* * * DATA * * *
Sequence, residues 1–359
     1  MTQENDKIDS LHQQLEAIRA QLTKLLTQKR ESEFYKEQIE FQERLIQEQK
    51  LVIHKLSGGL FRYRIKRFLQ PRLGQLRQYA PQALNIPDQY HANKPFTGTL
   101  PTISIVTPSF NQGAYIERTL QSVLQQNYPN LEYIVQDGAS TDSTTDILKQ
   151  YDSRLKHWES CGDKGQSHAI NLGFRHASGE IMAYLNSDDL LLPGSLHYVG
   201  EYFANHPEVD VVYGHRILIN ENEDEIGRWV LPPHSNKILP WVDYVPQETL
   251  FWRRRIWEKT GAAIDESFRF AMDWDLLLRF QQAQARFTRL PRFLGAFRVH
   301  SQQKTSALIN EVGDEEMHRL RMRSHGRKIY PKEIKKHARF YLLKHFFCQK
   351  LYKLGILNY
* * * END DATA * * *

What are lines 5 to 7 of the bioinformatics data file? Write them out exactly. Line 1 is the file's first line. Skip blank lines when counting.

   151  YDSRLKHWES CGDKGQSHAI NLGFRHASGE IMAYLNSDDL LLPGSLHYVG
   201  EYFANHPEVD VVYGHRILIN ENEDEIGRWV LPPHSNKILP WVDYVPQETL
   251  FWRRRIWEKT GAAIDESFRF AMDWDLLLRF QQAQARFTRL PRFLGAFRVH